Intervention! You are eating too much Internet!
Are you getting info-fat? Are all those Laugh Out Loud Cat videos finally catching up to you? Are you finding you can’t knowledge-gorge the way you used to when you were two years old? You are not alone. Here’s a list of things to try the next time you start to notice some cellulite on your synapses.
1. Browse with a purpose. Keep in mind what actually interests you. Sites are getting better and better at writing enticing headlines and designing highly-tempting “Other Top Stories” widgets. Did (celebrity) and (celebrity) break up? Did someone give birth to an alarming number of babies? Do you have to know? NO. You do not. Unless you make your living via a celebrity gossip column or blog or maybe Reader’s Digest, you will most likely be able to gather all you need to know about these things from other people on the bus or while you’re buying groceries. If this kind of stuff is your junk food (yes, I do enjoy BWE as much as the next person), and you have to have it sometimes, see #3.
2. Skim. Things gets trickier when you come across an article that might be of use to you. Do you really need to know “How to Use Social Media Marketing as a Tool For Business” right now? Haven’t you already read six other articles on the same subject? Do you still have leftover questions? If so, fine. Skim it. It’s taken me a long time to realize that I don’t have to process every word of every article I read (sorry, writers). Peruse and pause at the interesting parts. You will add years to your life.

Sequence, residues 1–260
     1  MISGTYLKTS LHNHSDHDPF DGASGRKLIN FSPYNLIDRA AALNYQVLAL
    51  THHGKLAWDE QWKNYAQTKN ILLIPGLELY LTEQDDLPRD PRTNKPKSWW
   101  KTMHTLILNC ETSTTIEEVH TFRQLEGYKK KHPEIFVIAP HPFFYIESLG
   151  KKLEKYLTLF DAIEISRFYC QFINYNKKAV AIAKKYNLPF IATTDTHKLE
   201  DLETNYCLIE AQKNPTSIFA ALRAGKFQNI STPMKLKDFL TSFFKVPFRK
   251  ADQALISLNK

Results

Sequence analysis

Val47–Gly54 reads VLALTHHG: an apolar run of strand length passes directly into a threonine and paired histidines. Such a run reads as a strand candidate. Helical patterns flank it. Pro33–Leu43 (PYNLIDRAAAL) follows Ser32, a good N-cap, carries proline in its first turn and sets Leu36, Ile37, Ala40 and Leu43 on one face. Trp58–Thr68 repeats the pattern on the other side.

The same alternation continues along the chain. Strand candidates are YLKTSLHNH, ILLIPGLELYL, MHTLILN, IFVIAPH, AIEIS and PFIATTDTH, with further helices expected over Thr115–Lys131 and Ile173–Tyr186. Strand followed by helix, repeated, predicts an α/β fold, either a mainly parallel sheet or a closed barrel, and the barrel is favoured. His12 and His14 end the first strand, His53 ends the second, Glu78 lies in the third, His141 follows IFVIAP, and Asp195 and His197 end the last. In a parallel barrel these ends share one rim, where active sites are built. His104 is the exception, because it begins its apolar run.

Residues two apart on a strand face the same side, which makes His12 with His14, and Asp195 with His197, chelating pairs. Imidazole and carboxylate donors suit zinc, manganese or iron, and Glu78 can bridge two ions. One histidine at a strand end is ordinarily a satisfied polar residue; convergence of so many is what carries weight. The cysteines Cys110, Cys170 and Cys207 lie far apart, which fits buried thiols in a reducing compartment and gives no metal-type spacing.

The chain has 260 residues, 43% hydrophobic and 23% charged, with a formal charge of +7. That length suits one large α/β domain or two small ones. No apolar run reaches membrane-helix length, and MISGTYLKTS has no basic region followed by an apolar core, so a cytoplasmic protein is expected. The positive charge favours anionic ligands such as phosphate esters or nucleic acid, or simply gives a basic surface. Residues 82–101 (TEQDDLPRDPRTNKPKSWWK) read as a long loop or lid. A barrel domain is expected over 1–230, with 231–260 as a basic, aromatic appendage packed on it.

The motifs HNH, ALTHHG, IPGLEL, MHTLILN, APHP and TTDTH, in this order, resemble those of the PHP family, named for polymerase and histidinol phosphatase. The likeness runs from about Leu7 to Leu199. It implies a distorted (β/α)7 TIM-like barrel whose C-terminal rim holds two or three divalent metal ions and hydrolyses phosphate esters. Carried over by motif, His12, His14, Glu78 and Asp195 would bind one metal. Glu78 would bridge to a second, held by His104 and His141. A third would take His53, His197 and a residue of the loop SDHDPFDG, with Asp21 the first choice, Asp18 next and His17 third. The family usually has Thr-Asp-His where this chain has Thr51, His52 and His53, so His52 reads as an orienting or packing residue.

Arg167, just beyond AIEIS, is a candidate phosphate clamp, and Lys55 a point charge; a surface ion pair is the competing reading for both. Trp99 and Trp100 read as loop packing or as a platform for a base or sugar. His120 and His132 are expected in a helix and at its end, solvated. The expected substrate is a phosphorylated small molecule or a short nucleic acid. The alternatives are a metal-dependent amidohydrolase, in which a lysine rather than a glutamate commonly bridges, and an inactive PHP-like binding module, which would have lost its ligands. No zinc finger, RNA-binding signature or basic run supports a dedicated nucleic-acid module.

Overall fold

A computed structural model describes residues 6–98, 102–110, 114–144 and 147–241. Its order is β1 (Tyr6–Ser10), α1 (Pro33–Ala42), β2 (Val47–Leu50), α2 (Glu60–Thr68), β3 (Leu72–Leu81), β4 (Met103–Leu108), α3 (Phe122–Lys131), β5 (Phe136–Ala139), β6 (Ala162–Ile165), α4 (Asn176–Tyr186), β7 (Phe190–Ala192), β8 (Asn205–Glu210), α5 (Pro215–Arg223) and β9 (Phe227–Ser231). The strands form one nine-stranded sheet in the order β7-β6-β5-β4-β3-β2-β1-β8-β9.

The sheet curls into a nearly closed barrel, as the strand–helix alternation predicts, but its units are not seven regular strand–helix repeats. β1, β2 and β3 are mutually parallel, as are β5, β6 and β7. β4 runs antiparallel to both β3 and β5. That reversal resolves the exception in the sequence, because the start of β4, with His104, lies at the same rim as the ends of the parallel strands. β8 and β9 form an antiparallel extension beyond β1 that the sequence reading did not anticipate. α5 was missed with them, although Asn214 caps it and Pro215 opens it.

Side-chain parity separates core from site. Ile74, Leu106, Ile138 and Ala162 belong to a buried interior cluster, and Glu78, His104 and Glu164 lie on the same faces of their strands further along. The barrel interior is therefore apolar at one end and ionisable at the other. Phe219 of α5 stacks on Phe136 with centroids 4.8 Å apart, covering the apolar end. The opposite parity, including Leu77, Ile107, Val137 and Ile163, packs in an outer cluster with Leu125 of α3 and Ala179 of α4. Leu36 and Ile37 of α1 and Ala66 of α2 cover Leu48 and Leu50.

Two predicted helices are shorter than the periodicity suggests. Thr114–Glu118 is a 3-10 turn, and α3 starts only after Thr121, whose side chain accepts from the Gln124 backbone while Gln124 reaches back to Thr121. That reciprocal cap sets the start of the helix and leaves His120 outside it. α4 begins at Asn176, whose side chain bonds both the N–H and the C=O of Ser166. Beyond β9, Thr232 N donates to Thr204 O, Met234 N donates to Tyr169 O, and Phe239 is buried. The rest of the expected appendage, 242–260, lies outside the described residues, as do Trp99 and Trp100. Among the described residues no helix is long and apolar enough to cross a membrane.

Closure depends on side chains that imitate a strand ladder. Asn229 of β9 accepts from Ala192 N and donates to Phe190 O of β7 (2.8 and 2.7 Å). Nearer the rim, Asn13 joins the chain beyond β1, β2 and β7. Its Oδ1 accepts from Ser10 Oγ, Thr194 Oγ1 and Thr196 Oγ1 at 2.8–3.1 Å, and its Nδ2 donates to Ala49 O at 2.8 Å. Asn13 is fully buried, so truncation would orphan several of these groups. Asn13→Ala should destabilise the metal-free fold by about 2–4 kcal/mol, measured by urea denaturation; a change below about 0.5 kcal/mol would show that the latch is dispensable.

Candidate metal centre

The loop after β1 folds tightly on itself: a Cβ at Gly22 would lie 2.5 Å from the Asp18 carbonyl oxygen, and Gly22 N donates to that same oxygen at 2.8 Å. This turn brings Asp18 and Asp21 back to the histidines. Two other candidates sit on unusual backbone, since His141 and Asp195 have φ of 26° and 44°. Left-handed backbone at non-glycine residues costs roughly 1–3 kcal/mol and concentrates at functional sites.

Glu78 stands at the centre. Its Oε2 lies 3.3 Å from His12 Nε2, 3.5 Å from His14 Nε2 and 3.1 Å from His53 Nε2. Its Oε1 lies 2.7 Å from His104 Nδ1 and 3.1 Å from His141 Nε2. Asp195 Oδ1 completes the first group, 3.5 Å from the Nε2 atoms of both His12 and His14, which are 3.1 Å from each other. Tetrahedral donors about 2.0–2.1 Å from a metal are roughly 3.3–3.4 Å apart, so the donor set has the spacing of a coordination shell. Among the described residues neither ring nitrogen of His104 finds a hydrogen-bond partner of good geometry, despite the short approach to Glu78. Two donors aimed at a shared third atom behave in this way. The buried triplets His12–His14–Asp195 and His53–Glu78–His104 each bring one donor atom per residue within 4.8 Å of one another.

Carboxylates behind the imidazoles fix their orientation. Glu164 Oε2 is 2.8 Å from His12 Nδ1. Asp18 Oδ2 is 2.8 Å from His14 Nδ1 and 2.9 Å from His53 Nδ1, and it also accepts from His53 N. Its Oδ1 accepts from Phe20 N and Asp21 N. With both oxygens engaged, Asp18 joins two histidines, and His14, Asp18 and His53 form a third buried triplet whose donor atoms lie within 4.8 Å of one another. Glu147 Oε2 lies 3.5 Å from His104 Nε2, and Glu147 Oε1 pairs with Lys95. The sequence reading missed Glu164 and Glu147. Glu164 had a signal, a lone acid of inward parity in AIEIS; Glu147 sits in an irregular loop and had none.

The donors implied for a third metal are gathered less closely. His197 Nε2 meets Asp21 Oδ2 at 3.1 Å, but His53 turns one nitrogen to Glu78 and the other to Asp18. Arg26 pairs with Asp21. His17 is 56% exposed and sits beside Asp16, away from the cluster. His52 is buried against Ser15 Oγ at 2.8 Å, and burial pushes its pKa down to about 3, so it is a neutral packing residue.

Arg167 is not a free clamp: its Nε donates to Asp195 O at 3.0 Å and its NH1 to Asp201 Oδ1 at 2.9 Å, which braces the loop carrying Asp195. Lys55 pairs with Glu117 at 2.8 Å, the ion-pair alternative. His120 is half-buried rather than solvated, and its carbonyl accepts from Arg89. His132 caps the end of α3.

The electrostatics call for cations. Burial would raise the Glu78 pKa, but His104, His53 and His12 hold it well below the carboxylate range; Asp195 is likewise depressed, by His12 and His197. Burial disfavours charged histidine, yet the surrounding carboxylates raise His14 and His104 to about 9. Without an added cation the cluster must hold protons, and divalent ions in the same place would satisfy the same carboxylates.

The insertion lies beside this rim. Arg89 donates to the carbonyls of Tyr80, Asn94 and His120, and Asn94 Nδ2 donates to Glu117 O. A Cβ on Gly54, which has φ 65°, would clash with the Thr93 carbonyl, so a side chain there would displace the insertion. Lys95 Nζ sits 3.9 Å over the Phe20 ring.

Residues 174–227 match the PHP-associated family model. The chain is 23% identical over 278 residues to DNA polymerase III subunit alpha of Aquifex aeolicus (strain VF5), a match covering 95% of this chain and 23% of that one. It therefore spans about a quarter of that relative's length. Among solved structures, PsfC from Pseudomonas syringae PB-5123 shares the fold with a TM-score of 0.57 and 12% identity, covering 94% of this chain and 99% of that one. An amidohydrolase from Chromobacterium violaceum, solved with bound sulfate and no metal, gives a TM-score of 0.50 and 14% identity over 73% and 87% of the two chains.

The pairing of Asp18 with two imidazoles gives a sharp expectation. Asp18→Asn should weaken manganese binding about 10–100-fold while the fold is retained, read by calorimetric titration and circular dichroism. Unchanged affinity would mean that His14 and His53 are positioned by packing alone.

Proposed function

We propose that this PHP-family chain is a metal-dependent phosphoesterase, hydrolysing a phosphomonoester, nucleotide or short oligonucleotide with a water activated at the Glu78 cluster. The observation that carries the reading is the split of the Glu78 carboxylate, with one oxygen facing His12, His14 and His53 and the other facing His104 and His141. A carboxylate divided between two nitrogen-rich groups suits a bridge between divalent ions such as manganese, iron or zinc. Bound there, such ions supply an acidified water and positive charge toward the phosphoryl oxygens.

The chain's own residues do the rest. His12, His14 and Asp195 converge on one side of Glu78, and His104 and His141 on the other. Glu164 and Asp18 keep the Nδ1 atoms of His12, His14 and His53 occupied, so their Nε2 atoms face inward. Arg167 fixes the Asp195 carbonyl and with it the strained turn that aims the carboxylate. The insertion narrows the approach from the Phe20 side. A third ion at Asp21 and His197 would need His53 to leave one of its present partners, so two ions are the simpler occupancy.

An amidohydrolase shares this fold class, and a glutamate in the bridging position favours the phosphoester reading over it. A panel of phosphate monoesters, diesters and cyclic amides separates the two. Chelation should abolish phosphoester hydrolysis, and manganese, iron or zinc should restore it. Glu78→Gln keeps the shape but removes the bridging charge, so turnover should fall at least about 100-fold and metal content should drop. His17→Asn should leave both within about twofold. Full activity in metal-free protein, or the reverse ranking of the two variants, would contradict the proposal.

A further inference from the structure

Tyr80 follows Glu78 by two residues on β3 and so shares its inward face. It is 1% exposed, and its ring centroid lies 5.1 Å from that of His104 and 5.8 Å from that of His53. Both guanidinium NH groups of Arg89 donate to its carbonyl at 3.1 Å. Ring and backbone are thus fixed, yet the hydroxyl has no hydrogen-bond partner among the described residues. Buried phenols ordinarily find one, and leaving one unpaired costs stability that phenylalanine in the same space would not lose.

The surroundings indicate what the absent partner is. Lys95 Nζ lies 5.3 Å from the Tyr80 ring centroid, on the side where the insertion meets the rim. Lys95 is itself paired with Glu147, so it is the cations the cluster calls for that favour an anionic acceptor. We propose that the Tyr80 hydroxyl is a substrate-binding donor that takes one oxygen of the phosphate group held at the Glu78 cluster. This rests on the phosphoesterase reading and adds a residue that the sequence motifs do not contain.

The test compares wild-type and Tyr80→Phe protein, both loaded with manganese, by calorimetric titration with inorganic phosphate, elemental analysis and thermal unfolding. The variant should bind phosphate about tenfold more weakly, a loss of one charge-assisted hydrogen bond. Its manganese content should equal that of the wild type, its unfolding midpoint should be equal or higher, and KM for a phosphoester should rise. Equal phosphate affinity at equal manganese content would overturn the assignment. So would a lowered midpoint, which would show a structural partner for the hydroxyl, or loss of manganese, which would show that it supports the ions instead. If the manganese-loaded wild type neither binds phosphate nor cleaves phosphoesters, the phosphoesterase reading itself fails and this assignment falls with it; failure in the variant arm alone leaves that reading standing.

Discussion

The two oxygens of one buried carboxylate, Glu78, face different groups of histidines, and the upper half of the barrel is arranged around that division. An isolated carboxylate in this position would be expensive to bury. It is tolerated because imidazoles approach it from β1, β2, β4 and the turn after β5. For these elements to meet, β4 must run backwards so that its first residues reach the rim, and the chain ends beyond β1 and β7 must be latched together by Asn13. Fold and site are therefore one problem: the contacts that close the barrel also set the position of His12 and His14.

3. Set a time to stop. Diversion is good and conducive to productivity but not if you never start working again. Tell yourself to close the Videogum tab at a specific time or after a specific number of minutes (or, I suppose, hours if your case is severe).
4. Use RSS Feeds. Viewing only the top headlines from your favorite sites is the fastest way from point A to point B in terms of keeping up-to-date on topics that interest you without slogging through dozens of other posts (and possibly getting diverted multiple times).
5. Manage your RSS Feeds. My strategy for feeds is “quantity provides quality” in that if you subscribe to a bunch of sites that interest you, you’re more likely to find a great article while browsing your feed reader. That said, as soon as you start to notice that one of your subscriptions is dead weight, get rid of it. Your reader ain’t a day care.
6. Acknowledge that while voyeurism is fun, your friends are not that interesting. By all means, use social media to find out what they’re up to and keep abreast of what they’re interested in (be it the apparently surprising talent of someone generally thought to be unattractive, Star Wars Retold by Someone Who Hasn’t Seen It, or How to Greet Your Friends during an Epidemic), but when you start looking at a friend of a friend’s Cinco de Mayo party ‘03 pictures, you should probably close that tab.
7. Don’t take every quiz the Internet offers you.
8. Acknowledge that getting the highest score on or beating any Flash game is not actually going to be that fulfilling. It’s a lot like when you finally complete a sudoku puzzle. It’s very, “Well, all of those numbers are in place now.” No beam of light suddenly emits from the newspaper expounding some ancient wisdom, you’re just sitting there with some numbers in some squares. It’s the same thing with stacking multicolored jewels and using gerbils to catch cupcakes. The sense of accomplishment is hazy and fleeting.
9. Start doing something else. This is the “Look! Something shiny!” approach. Take a walk. Make something to eat. Pet the cat. Perhaps, while you’re not looking at the browser, close it using a keyboard shortcut.